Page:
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ready set…

February 12th, 2009

Even as I write, HD 80606b is closing in fast on its inferior conjunction. It’s basically a roll of a die, a roughly one in 6 chance, that the orbital alignment is good enough for a primary transit to be observable. (The odds are boosted from the a-priori geometric probability of 11% to ~15% by the fact that the secondary transit was fully consistent with an uninclined passage directly behind the star.)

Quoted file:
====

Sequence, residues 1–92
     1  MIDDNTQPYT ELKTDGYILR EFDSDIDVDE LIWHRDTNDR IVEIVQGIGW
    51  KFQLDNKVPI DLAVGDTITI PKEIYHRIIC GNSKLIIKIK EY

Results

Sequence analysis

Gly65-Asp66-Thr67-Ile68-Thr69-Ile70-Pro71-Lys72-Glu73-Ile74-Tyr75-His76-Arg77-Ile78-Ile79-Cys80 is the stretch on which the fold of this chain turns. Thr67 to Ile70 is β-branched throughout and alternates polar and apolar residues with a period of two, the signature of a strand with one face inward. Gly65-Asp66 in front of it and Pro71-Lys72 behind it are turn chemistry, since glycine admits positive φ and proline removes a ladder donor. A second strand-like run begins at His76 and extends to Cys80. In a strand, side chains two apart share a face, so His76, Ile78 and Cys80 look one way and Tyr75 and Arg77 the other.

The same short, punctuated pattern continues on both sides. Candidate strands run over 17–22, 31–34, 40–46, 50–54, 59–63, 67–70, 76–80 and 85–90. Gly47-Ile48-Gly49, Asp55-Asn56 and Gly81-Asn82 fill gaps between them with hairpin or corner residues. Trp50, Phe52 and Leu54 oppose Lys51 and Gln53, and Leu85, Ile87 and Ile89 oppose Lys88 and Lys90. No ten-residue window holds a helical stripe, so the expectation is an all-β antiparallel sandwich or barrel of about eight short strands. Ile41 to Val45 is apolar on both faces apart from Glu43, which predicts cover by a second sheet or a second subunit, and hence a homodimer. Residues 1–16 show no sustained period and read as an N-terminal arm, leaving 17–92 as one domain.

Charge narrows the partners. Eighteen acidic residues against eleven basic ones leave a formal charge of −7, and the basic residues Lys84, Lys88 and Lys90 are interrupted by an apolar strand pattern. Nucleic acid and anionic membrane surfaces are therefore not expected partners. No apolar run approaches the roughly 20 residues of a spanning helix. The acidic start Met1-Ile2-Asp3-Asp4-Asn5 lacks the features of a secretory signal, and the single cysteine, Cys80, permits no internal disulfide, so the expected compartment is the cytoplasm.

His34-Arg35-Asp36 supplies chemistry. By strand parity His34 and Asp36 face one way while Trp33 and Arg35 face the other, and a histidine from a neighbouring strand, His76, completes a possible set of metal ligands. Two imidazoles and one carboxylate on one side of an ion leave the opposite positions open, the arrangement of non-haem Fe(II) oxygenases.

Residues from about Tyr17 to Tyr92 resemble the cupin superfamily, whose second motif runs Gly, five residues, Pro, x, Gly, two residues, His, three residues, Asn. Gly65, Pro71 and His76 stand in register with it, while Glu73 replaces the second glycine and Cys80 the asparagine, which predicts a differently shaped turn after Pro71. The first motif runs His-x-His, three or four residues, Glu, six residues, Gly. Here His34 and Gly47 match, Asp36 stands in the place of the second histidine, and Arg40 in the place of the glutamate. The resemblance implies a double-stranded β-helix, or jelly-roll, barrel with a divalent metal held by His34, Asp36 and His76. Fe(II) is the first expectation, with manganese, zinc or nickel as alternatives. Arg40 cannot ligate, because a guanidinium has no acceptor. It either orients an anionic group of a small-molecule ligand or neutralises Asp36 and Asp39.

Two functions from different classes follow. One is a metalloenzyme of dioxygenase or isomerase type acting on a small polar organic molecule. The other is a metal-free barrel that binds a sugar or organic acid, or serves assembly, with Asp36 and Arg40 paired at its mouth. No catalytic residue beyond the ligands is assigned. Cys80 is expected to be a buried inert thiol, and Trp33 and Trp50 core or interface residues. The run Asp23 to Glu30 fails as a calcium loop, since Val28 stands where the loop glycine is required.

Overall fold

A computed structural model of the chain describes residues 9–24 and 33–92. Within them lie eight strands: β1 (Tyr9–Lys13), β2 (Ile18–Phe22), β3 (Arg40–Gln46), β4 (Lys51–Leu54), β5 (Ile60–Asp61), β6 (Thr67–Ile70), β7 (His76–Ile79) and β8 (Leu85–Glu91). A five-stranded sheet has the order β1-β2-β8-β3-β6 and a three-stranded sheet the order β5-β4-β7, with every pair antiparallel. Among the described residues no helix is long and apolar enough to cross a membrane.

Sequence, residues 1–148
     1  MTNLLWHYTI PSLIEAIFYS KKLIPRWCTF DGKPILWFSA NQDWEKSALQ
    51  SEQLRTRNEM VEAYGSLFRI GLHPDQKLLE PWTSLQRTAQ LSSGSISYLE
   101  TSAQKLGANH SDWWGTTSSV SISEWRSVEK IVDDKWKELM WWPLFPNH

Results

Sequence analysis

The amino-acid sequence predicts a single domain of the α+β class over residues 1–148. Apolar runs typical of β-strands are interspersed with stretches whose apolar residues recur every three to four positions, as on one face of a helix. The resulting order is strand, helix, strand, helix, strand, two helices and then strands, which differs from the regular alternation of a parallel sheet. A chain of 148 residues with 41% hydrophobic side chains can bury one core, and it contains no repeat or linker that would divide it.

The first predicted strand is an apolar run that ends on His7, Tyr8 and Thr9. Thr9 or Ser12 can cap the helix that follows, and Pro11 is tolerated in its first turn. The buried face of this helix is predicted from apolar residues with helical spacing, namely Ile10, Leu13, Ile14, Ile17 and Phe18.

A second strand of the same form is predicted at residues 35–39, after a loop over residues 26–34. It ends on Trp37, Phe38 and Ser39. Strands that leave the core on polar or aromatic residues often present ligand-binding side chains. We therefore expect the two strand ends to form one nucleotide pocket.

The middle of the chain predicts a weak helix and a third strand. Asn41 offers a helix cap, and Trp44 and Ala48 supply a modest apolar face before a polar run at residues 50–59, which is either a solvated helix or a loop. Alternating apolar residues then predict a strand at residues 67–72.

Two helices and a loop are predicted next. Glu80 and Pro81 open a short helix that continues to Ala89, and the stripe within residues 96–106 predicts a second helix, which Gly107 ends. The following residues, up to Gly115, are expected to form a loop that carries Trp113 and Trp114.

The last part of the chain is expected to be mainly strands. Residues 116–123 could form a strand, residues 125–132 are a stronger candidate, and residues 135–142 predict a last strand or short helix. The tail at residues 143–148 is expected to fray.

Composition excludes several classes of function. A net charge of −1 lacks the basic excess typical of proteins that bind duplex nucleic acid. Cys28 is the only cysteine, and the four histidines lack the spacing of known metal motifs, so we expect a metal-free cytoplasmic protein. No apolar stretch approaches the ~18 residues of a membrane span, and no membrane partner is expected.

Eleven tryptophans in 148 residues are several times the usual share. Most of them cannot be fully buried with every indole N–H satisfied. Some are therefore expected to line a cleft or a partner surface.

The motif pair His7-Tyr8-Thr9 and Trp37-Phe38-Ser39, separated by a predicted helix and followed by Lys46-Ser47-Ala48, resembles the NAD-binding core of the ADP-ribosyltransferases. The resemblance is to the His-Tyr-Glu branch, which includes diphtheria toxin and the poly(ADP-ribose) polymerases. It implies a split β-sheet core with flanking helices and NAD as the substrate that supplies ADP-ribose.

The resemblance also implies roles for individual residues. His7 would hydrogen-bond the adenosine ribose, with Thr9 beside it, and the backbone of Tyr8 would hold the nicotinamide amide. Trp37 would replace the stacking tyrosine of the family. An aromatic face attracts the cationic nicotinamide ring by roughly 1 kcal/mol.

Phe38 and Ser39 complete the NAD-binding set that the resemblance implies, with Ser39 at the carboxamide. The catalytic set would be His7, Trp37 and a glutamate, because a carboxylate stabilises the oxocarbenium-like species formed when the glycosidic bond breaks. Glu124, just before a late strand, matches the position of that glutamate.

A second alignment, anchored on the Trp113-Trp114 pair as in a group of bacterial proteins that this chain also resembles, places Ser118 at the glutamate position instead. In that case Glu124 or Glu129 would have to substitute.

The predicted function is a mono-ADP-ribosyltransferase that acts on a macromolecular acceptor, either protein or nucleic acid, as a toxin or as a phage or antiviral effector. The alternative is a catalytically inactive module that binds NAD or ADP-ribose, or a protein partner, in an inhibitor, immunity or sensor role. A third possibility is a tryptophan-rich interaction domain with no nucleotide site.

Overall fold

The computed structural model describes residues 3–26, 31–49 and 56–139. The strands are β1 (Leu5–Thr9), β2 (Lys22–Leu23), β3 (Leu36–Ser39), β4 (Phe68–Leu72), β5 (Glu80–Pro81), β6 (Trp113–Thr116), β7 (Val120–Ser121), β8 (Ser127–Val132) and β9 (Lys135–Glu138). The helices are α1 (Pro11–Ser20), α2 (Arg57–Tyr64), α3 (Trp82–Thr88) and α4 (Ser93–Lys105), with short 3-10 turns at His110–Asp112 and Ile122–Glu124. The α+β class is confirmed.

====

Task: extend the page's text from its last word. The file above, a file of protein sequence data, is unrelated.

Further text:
Here’s the situation:

A central transit will last roughly 16 hours, with the ingress best suited for observers in the Far East, and the egress best suited for observers in North America. Europe is the place to be for transits that are closer to grazing. HD 80606 itself is favorably sited in Ursa Majoris, and is at low air mass for basically the entire night, especially at higher latitudes.

Good luck to everyone who’ll be observing!

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